Diving Lady Sign is Alighted and Well
May 14, 2012
By Teya Vitu
Bright paint, cool neon and a polka-dot bikini now adorn the Pueblo Hotel & Apartments neon sign that had stood dark, faded and rusted at the corner of 6th Avenue and 12th Street for a good four decades.
Restored 1950’s Tucson neon history has started lighting the nighttime streetscapes in recent weeks.
Four neon signs from a bygone era have graced the north edge of the Pima Community College Downtown Campus on Drachman Road since April 25. The colorful neon tubes were illuminated on April 27 on these good-as-new signs from the Tropicana Motor Hotel, Medina Sporting Goods sign, the Magic Carpet Golf sign and an Arizonan Hotel/Canyon State Motor Lodge sign.
The Pueblo Hotel & Apartments sign, aka the Diving Lady, followed suit as signmaker Jude Cook reinstalled the sign at its original location on May 8, did finishing electrical touches on May 9, and joined the building’s co-owner, Barry Davis at the Diving Lady’s grand lighting and robe unveiling on May 11.
Public interest in the Diving Lady has been especially intense.
“It is very apparent that the people around here have ownership of that sign,” said Davis, who has wanted to restore the Diving Lady since he moved his law office into the building in 1993. “I honestly can’t say I expected this much attention. I’m surprised by it. It makes me happy.”
Cook, owner of Cook & Co. Sign Makers, restored the Diving Lady and all the PCC Drachman signs except Magic Carpet. The Diving Lady stands out for him, largely because its in the same location as its been since about 1950 and it’s in the heart of Downtown.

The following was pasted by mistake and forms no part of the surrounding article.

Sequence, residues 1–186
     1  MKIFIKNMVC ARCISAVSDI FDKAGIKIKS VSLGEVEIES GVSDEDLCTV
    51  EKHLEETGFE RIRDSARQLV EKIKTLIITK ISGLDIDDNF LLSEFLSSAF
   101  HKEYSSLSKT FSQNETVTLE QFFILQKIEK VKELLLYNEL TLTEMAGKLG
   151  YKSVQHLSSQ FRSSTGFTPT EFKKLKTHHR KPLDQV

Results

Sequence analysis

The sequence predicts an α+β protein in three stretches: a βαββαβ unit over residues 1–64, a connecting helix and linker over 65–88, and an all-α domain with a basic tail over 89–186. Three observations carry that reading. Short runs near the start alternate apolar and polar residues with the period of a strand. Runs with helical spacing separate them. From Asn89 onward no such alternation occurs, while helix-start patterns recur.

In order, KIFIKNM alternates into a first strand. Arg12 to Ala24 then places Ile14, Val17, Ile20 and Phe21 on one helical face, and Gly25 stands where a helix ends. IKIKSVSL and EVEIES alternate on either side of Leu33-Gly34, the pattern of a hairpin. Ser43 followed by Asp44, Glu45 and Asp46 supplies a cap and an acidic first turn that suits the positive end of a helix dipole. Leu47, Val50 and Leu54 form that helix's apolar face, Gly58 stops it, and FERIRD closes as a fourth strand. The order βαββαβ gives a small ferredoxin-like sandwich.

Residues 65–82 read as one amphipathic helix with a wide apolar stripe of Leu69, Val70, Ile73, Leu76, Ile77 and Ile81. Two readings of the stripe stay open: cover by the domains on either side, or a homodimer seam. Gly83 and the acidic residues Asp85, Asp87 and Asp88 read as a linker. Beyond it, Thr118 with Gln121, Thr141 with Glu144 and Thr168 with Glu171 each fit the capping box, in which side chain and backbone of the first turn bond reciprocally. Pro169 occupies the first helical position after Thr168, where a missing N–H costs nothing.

“This is the poster child of restoration,” Cook said. “It’s the first real total restoration. (Rusting) was not as bad as I thought it was going to be. All in all, she was in pretty good shape.”
So far, neither Cook, nor Davis, nor the historical preservation team that made this project possible, really know what the Diving Lady sign said when it was first put up, what the original color scheme was, or even exactly what year the sign first went up. Based on its metal structure, the closest guess Cook has is about 1950.
The sign comes in four sections: the one that says “swimming pool” and is topped by the diving lady; a narrow strip that said “refrigerated” before the restoration but now announces the building’s present tenants, the Piccaretta Davis law firm; the largest section that says Pueblo Hotel & Apartments; and the panel with “no vacancy” and “hotel parking”
“There was a certain amount of hesitation when we started sanding,” Cook said. “We found a bunch of stuff that just didn’t make sense. There was a gold color that didn’t match the green. The “refrigerated” panel had scalloping waves. We found some blues. They did not go with the greens.”
Cook discovered different layers of green almost to the base of the Pueblo Sign. He discovered a wood grain waterboard look on all four panels, but he chose to only replicate the waterboard look on the Pueblo panel with a black outline of wood planks.
Cook decided to make all the signs the same green. The Pueblo sign he gave ivory letters with an orange outline, and the other panels got white letters with a black outline.
The 1950 look of the diving lady herself was a complete mystery. Cook went with a green bathing suit with white polka dots.